What’s next on your reading list? 
I feel like the entire process of reading is like opening a closet door bursting with books and they all come tumbling out and it’s a wonder you can finish anything at all as you grab snatches of pages here and there. Having said that, I try to read widely and deeply. I’ve been working my way through all of Sebald with a brief detour through The Emergence of Memory: Conversations with W. G. Sebald. I also have bookmarks in Ian Williams’ novel Reproduction, Lucy Ellman’s Ducks, Newburyport, Jericho Brown’s book of poetry The Tradition and Desire Never Leaves: The Poetry of Tim Lilburn. In the next day or two, I’m going to start The Blue Clerk by Dionne Brand and I have chapbooks to review from Gap Riot Press, which I guess finally answers your question, but I had to get entangled in metaphor and process and a bunch of name-dropping (but these are all good names that I hope you take to heart.)

And Yet
by John Steffler

What sparked the idea for And Yet?
I’ve often written about the relationship between humans and the natural world. In And Yet I’m interested in that same relationship or interface but I look for it not out in the landscape but closer to home, in the domestic world and the personal inner life. I see wilderness in the things we haven’t made and can’t control, in aging and mortality, in the limits to what we can recall, in the unclear mixing of memory and invention, in dreams, in accidents and failures, in lost loves, in the limits to what we know and understand, the limits to how well we even know ourselves – how easily, sometimes, we say, “and yet” and completely change our minds.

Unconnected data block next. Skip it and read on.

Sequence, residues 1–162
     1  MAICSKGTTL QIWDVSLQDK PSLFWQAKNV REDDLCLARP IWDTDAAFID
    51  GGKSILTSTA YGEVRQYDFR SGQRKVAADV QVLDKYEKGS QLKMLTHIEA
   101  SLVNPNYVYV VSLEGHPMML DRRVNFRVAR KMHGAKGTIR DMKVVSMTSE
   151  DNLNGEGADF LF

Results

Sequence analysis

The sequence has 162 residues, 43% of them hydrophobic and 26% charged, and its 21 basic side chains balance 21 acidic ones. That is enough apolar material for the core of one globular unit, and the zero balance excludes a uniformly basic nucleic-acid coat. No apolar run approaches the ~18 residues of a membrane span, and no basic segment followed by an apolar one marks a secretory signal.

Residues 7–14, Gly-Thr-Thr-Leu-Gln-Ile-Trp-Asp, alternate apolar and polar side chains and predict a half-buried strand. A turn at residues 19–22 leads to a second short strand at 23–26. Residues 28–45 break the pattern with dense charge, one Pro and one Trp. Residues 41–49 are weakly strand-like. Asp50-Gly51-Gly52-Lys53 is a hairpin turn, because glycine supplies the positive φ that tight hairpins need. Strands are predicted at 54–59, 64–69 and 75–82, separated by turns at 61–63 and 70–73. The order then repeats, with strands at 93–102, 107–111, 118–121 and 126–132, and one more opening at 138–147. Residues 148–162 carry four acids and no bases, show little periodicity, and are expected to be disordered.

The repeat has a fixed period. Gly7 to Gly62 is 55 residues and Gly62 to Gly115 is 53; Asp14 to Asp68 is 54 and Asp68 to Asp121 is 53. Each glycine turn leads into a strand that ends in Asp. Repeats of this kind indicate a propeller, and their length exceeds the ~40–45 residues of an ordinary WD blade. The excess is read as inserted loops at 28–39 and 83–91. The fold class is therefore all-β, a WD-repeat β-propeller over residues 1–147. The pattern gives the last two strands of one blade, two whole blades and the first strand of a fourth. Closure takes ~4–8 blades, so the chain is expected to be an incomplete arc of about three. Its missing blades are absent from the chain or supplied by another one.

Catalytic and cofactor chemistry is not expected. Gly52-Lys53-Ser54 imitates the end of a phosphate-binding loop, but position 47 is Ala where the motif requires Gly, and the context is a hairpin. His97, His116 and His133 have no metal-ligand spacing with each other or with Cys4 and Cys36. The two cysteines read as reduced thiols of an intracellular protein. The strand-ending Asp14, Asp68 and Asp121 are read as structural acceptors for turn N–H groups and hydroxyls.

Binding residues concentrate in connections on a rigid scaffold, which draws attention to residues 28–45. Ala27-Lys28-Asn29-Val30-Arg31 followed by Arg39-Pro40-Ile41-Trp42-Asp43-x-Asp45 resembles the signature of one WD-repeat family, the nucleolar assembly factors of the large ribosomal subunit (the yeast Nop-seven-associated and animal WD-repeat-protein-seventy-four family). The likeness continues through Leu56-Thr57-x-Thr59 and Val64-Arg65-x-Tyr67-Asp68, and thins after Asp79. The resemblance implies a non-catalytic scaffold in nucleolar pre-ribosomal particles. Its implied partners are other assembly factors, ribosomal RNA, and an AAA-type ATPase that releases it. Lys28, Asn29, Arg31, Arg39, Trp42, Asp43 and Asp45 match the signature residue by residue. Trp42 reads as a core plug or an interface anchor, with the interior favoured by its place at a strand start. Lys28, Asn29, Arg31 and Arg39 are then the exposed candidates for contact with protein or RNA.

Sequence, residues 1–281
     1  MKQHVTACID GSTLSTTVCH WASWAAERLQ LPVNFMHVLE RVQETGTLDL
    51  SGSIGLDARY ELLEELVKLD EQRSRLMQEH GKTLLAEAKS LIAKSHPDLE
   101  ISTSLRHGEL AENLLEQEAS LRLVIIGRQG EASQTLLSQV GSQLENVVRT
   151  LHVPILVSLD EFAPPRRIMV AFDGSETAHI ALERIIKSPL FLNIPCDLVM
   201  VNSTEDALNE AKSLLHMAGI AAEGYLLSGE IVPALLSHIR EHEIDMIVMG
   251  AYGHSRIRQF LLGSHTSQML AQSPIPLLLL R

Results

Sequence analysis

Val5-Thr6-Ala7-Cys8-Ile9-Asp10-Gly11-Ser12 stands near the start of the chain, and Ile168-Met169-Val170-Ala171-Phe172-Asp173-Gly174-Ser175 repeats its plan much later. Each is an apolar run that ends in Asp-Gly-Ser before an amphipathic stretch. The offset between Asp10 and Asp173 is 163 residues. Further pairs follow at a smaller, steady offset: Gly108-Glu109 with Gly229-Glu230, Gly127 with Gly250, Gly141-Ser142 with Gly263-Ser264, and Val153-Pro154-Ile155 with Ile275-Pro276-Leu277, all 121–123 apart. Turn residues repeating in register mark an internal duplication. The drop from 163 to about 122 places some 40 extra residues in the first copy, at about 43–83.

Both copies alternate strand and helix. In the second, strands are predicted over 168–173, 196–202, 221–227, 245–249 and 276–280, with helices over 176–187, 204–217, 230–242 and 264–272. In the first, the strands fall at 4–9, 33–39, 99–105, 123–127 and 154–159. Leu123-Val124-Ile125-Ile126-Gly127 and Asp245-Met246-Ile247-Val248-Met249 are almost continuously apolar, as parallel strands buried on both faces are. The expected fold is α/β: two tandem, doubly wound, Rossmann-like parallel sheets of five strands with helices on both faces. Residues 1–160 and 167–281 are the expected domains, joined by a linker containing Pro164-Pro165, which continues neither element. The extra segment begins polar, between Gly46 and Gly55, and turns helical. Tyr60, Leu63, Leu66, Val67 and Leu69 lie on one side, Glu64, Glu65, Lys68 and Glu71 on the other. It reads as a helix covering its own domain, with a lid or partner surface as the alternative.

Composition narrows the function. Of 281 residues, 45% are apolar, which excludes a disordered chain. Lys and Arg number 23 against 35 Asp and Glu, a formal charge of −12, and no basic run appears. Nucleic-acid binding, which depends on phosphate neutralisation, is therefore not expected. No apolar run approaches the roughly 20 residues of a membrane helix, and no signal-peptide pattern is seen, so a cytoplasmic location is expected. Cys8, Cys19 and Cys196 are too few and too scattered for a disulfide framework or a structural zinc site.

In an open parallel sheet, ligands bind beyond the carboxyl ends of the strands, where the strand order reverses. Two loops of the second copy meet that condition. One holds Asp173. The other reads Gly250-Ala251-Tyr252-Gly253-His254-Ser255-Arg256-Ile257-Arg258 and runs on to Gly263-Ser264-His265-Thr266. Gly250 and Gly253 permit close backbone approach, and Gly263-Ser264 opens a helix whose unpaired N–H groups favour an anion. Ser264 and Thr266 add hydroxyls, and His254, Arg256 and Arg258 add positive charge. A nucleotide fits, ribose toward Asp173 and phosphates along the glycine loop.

Do you remember the first poem you wrote? What was it about?
I wrote my first real poem when I was about sixteen. It was about a memory of sleeping outside on a hot summer night on the ground-level porch of the house I grew up in and hearing something very strange and mysterious. Horses from the neighbouring farm, for some reason, had jumped their fence or somehow got out and had come over to our place in the wee hours. I lay listening to those huge animals snorting and pacing around nearby in the dark.

Saturn Peach
by Lily Wang

What do you do when you aren't writing?

Do you remember the first poem you wrote? What was it about?
I wrote a rap song about Club Penguin. Filmed it on a flip phone then the flip phone got stolen.